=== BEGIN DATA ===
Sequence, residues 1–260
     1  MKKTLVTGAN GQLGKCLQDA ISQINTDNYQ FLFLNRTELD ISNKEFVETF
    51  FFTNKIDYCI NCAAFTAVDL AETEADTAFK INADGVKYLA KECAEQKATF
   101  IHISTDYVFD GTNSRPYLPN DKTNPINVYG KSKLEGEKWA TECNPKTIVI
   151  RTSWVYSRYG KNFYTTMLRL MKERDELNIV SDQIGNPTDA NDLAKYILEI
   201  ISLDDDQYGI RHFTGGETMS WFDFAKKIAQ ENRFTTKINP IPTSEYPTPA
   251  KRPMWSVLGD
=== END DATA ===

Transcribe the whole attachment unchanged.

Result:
Sequence, residues 1–260
     1  MKKTLVTGAN GQLGKCLQDA ISQINTDNYQ FLFLNRTELD ISNKEFVETF
    51  FFTNKIDYCI NCAAFTAVDL AETEADTAFK INADGVKYLA KECAEQKATF
   101  IHISTDYVFD GTNSRPYLPN DKTNPINVYG KSKLEGEKWA TECNPKTIVI
   151  RTSWVYSRYG KNFYTTMLRL MKERDELNIV SDQIGNPTDA NDLAKYILEI
   201  ISLDDDQYGI RHFTGGETMS WFDFAKKIAQ ENRFTTKINP IPTSEYPTPA
   251  KRPMWSVLGD